I love legal thrillers — John Grisham was my entry into adult novels — so when I saw that a former Chief Justice of Canada had written one, I was eager to check it out.
Criminal defense lawyer Jilly Truitt is hired to defend Vera Quentin, a woman accused of killing her chronically ill mother. Vera’s mom is on record as having requested medically assisted death from her daughter multiple times, and the general consensus is that Vera finally gave in. Vera’s husband thinks she should just go for a plea deal, but Vera refuses to confess to the crime.
As a legal thriller, Denial is a solid novel. The court case at the core of the story was interesting, and the author’s experience in the courtroom offers interesting glimpses into how court cases unfold in Canada. I also like the insights into lawyers’ strategies, and how moments that, to my layperson brain, seemed fairly innocuous, may actually impact legal matters. The mystery itself was also nice and twisty. The reveals, as they unfolded, took me by surprise, and it was nice to look back at the end, and see events with the truth in mind.
That being said, I found the writing a bit dry, and as much as I liked the glimpses into the Canadian legal system during the courtroom scenes, the book never quite hooked me. Part of it was that there was too much going on beyond the main story, but little room to establish the emotional heft necessary to make these subplots mean anything. I was honestly surprised to find out that this was only the second novel in the Jilly Truitt series, since these subplots and their respective payoffs all felt like the culmination of multiple novels’ worth of build-up.
We get a glimpse of some of the other cases that Jilly’s working on, and how they intersect with her personal life in some significant ways. There are also some truly dramatic moments that would create lasting impact on Jilly’s life. But while I understood on an intellectual level why these storylines are urgent, they never quite pulled me in. Which is a shame, because I think there’s rich material in the storyline about Jilly’s second chance romance, and also in the drama between her and the prosecutor, which is tangentially connected to a past story about her biological father. There was also a subplot about a criminal Jilly defended, and a young woman in danger, which keeps Jilly up at night, and also intersects tangentially with the central case because of its timing. All of this has the potential to be fascinating, but the execution fell flat for me.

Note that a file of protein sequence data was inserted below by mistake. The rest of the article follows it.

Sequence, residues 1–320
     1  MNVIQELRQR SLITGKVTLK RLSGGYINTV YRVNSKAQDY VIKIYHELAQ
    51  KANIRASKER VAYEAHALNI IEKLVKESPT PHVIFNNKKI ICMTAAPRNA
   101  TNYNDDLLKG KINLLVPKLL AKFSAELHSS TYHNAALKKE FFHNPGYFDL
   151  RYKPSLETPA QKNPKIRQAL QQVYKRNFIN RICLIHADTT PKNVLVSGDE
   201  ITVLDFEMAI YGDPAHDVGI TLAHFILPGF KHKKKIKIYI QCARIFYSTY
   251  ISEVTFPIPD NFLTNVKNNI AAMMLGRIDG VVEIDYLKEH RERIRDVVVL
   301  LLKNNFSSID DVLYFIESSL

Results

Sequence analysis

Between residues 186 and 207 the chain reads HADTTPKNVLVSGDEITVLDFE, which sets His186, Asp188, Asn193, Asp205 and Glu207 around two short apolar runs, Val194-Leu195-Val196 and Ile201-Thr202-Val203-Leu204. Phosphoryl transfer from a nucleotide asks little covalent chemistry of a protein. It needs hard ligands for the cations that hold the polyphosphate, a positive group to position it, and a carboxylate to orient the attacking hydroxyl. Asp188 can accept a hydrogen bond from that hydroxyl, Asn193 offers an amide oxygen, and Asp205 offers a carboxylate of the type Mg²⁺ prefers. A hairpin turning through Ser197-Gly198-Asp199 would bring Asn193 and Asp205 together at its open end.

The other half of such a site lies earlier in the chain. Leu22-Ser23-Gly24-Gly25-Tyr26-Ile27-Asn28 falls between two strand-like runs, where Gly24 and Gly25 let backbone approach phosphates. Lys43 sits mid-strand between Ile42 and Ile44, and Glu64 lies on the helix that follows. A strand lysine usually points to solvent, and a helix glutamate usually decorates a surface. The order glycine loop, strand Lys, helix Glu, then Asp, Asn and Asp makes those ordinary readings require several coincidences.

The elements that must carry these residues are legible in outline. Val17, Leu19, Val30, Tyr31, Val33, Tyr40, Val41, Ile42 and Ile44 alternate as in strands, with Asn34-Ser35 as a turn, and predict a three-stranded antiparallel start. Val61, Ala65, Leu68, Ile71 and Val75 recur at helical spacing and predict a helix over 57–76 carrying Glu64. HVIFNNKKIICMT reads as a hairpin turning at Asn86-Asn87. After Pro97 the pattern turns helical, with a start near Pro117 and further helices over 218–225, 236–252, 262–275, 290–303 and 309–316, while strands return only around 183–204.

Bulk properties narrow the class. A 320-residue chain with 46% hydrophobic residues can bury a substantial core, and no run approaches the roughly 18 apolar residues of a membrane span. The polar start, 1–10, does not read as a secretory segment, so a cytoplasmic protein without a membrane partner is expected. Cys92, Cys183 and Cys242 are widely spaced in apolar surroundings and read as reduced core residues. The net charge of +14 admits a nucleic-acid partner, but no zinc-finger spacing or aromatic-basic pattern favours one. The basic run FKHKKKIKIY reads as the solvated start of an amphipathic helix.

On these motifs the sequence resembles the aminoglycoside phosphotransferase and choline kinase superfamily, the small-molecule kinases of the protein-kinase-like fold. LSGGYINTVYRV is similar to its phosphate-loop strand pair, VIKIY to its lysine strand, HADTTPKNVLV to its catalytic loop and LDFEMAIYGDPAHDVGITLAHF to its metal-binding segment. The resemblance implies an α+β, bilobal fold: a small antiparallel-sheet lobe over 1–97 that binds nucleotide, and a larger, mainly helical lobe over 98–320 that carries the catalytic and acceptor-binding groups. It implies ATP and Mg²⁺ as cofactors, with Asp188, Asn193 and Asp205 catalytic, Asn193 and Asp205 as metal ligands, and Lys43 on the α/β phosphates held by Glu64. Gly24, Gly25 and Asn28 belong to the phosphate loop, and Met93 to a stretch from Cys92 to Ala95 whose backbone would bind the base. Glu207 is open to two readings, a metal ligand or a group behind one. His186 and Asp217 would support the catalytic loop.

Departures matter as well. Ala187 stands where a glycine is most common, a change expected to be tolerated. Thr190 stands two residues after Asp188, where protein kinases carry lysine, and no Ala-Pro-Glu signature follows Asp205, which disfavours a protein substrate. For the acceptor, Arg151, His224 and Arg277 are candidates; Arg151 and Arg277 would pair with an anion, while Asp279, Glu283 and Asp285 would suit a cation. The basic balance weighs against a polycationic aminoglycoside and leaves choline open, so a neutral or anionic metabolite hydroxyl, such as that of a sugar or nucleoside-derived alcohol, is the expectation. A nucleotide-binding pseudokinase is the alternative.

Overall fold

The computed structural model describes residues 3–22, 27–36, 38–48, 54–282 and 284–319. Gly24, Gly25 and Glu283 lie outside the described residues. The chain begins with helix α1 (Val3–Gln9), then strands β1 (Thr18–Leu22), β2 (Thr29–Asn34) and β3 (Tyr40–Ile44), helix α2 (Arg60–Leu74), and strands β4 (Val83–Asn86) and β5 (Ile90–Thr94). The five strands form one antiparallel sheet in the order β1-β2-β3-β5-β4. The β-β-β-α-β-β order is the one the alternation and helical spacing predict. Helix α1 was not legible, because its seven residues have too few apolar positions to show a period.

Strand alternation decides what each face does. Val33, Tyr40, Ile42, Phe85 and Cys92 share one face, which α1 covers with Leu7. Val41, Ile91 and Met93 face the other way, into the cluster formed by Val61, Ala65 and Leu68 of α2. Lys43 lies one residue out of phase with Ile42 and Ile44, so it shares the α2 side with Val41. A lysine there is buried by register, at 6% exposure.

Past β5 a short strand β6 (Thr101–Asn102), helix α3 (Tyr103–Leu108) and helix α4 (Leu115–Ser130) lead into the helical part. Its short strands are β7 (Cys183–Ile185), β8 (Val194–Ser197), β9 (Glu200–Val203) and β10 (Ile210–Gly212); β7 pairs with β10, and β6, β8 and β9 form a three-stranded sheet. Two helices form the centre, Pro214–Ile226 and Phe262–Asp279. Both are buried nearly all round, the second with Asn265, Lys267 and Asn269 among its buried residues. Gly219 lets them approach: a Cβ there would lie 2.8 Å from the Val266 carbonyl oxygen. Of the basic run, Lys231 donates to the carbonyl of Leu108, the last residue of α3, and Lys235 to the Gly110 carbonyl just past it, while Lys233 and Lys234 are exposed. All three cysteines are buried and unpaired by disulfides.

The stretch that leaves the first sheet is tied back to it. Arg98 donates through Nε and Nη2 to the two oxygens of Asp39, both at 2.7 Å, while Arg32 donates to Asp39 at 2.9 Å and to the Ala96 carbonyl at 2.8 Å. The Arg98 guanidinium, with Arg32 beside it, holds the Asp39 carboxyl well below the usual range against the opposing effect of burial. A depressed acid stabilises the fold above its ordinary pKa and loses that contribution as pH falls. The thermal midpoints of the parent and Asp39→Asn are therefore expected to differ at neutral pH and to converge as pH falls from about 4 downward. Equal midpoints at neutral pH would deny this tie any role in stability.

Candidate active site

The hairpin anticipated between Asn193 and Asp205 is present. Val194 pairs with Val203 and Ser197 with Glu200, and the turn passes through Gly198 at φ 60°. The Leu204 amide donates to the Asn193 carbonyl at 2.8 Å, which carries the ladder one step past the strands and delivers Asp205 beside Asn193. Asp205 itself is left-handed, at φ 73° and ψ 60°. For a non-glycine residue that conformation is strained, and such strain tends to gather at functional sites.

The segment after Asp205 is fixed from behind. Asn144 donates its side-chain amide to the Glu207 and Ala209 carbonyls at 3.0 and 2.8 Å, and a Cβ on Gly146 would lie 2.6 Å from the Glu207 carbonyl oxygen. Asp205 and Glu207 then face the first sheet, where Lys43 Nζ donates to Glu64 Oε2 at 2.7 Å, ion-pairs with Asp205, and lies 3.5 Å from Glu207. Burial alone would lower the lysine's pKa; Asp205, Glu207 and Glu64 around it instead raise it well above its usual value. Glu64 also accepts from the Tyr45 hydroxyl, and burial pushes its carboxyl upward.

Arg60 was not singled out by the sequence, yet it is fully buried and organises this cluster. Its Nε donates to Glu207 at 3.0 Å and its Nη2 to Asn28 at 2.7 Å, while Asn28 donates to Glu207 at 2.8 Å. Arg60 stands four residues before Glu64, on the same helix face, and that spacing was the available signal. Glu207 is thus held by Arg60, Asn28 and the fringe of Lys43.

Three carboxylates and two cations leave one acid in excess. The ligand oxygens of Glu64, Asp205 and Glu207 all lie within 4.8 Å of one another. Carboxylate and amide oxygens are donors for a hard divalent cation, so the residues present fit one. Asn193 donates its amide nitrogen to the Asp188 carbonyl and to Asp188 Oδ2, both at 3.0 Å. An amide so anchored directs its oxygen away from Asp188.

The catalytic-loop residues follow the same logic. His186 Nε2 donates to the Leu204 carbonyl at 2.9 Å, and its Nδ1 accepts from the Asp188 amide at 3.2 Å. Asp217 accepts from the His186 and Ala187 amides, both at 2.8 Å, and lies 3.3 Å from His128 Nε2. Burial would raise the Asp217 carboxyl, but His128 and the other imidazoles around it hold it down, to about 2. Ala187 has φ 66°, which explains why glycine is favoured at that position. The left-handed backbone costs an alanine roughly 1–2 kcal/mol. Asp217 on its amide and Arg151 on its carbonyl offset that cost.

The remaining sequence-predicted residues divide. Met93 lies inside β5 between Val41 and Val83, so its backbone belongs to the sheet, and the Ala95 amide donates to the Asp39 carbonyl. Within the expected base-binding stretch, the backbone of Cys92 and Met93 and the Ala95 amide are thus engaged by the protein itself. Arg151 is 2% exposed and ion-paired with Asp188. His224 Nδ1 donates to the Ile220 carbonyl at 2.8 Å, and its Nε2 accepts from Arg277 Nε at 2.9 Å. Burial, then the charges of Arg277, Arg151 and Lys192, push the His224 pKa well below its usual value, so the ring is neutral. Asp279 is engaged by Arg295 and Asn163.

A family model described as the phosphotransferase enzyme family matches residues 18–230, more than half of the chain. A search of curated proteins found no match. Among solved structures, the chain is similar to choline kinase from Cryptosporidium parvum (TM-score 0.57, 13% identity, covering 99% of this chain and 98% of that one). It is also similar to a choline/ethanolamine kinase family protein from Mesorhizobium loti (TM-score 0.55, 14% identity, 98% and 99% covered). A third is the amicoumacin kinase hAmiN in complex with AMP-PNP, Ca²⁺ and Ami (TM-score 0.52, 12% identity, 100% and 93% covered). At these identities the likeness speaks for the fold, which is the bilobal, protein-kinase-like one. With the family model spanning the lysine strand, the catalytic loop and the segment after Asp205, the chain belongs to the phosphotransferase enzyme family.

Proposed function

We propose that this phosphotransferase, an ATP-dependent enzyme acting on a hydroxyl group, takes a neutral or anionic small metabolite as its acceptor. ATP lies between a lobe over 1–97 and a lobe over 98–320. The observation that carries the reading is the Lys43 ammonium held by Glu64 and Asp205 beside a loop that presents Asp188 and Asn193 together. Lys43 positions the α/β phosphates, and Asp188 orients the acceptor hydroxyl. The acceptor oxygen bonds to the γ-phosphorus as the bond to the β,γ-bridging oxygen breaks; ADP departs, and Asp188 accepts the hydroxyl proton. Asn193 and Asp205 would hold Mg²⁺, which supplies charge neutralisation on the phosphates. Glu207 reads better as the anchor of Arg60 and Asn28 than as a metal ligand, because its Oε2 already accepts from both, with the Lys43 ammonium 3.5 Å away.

With the central case, I also found the focus on denial to be somewhat tiresome after a while. Jilly muses several times about the possibility that Vera is in denial about having killed her mom, but that felt thin to me. Why jump through so many psychological hoops to come up with the possibility that Vera’s in deep denial, when there are other, easier, and more logical conclusions to draw? While I can appreciate that Jilly’s job does require her to jump through all those mental hoops, it just felt implausible, and it was a struggle to keep suspending disbelief just to stay in sync with the Jilly’s mindset. All to say — denial as a motif felt like a stretch to me, and having it come up so often felt forced.
Denial unfortunately fell flat for me, but I did enjoy the glimpse into the Canadian legal system, and Canadian courtrooms. And like I said, I didn’t predict the big reveal behind the crime, and, while I wish the novel had delved a bit more into the complexity of the ethics around medical assistance in dying, I liked that it tackled such a complex topic in the first place.
Thank you to Simon and Schuster Canada for an e-galley in exchange for an honest review.